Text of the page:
“It’s very different, for obvious reasons, but ultimately, a race car is a race car,” Rossi said. “It has four wheels, and you are trying to get it from Point A to Point B quicker than other people. The general underlying techniques of getting a car through the corner efficiently is all the same; it’s just a different style.

“Everyone here is very talented at what they do and very good so in order to win this race, you have to be at the top of your game.”

The Baja 1000, like most forms of off-road racing, is more against the clock than a wheel-to-wheel competition such as IndyCar. Rossi believes it is a different form of endurance racing, similar to IMSA in many ways.

“You have to compare it like an endurance race,” Rossi said. “It’s a race where the first part of it, you are trying to get through and not take chances and stay in touch with the people you are trying to stay in touch with.

“When you get down to the final 20 to 30 percent, that is when you try to either close the lead of extend the lead of whatever position you are in. That is similar to the Rolex 24 at Daytona. It comes down to the last three or four hours, and we take a mentality closer to that.

“The only difference is if you get it wrong at Daytona, you spin in the grass. Here, it can be more dramatic than that.”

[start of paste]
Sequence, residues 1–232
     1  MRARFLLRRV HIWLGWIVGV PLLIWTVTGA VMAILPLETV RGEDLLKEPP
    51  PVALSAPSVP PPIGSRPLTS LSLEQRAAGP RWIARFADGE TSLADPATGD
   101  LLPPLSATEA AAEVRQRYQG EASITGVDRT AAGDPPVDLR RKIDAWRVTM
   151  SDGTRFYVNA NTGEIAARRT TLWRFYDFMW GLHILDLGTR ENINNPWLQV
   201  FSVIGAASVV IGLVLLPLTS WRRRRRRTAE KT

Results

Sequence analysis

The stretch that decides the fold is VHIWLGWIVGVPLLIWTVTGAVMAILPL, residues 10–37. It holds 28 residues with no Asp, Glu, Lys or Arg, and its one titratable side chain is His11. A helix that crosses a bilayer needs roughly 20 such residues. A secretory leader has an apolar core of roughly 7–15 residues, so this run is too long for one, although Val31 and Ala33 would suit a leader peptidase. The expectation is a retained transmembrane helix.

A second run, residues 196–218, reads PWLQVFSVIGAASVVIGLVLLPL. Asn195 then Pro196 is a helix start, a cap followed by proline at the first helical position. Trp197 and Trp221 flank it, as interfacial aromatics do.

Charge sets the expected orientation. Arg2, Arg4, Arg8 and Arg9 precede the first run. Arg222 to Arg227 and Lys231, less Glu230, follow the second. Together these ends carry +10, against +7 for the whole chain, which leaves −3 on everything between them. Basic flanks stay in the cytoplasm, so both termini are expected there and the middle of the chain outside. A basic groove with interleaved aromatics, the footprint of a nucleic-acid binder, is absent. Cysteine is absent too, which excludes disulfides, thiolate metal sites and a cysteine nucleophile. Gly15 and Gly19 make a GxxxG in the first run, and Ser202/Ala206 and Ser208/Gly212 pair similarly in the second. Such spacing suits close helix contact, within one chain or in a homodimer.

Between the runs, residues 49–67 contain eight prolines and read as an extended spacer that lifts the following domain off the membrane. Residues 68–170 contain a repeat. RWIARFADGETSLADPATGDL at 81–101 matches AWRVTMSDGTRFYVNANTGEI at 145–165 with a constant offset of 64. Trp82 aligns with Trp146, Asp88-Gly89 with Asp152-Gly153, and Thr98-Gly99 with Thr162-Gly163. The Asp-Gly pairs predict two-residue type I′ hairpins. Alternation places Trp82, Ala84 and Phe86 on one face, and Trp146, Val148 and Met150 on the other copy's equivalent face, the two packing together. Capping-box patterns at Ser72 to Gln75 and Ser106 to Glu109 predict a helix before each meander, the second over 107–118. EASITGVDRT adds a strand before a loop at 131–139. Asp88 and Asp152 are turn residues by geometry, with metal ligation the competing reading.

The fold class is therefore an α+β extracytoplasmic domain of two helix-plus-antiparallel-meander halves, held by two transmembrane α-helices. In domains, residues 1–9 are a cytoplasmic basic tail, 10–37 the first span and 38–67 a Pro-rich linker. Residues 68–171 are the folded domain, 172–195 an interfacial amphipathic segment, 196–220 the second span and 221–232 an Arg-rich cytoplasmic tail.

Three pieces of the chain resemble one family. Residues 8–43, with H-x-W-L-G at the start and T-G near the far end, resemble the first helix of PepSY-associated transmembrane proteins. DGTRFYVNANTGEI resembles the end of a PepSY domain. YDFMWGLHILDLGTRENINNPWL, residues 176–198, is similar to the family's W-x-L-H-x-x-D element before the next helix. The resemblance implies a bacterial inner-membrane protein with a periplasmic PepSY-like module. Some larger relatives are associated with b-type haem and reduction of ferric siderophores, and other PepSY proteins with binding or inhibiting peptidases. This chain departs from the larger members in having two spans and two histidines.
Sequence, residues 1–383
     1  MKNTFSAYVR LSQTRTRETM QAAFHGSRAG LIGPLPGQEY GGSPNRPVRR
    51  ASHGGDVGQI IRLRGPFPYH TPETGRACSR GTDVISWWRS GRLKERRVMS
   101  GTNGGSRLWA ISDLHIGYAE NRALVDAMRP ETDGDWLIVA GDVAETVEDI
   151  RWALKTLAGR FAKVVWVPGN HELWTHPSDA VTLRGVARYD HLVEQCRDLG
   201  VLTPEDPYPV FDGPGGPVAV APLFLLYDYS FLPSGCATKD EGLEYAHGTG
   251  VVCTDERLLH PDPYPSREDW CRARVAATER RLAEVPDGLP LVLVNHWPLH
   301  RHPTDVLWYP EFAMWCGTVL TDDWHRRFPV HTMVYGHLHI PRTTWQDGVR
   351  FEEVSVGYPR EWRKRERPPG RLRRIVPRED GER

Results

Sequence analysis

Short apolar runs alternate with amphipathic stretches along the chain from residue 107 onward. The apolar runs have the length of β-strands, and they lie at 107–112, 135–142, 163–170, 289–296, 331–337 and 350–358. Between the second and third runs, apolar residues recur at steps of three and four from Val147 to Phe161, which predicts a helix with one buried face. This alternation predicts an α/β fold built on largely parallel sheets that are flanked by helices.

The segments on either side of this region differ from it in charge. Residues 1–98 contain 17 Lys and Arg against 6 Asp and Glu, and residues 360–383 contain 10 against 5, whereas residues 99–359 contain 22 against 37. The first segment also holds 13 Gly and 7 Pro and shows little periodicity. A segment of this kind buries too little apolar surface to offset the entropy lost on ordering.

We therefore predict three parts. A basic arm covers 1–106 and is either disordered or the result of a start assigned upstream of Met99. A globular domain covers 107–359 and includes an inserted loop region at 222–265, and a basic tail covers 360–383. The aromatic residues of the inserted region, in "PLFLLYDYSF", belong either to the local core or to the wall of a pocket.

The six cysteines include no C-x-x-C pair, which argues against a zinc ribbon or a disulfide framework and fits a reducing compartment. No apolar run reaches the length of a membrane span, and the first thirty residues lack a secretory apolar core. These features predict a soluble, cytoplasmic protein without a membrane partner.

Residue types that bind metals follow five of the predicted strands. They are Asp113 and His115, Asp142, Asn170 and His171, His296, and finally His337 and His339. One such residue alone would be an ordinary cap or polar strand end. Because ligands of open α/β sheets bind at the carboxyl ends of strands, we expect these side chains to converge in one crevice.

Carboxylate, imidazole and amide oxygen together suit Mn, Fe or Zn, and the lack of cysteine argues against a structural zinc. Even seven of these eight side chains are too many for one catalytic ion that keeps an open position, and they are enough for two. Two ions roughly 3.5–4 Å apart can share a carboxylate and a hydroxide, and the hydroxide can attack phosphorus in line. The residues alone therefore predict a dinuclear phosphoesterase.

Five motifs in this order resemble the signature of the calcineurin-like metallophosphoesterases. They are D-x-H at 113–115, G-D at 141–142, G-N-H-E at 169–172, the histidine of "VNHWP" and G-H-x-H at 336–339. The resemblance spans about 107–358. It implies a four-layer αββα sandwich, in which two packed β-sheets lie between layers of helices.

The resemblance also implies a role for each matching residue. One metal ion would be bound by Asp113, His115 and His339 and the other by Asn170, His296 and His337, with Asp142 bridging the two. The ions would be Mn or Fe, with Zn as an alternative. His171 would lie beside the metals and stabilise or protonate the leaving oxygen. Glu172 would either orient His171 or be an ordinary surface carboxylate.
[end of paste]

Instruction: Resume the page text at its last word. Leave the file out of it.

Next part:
As an off-road rookie in 2018, Rossi acclimated to the demands of desert racing as the Jeff Proctor-led Honda Off-Road Racing Team finished second in Class 7. It was the fourth consecutive time the team finished first or second in the Ridgeline Baja Race Truck at the Baja 1000.

“The Honda off-road guys and my co-driver/navigator Evan Weller make it so easy for me to just jump right in and go to work,” Rossi said. “I can’t wait to share the seat with Jeff [Proctor] and Pat [Dailey] once again, and hopefully, bring home a win.”

The Honda Off-Road Racing Team has had an outstanding 2019 season, including class wins for the Baja Ridgeline Race Truck at the Parker 425, the Mint 400 and the Baja 500; where the team successfully debuted the second-generation “TSCO” chassis; and a second-place Class 7 finish at the Vegas-to-Reno event.

Proctor won his class in the Baja 1000 in both 2015 and 2016 with the Ridgeline, finished second in class in 2017 and 2018; and won the companion SCORE Baja 500 race both in 2016, 2018 and again earlier this year. The Ridgeline competes in Class 7, for unlimited six-cylinder production-appearing trucks and SUVs.

“We are stoked to have Alexander back racing with us in Mexico for his sophomore attempt at this iconic off-road race,” Proctor said. “This year’s 52nd annual Baja 1000 course covers ALL of the toughest terrain and areas in Baja Norte….as always, it will be tough.

“Alex is one of the brightest motorsports minds I’ve worked with, and he is a great asset to our team.”

The Baja 1000 begins Friday and runs through the weekend along the Baja Peninsula of Mexico.

Follow Bruce Martin on Twitter at @BruceMartin_500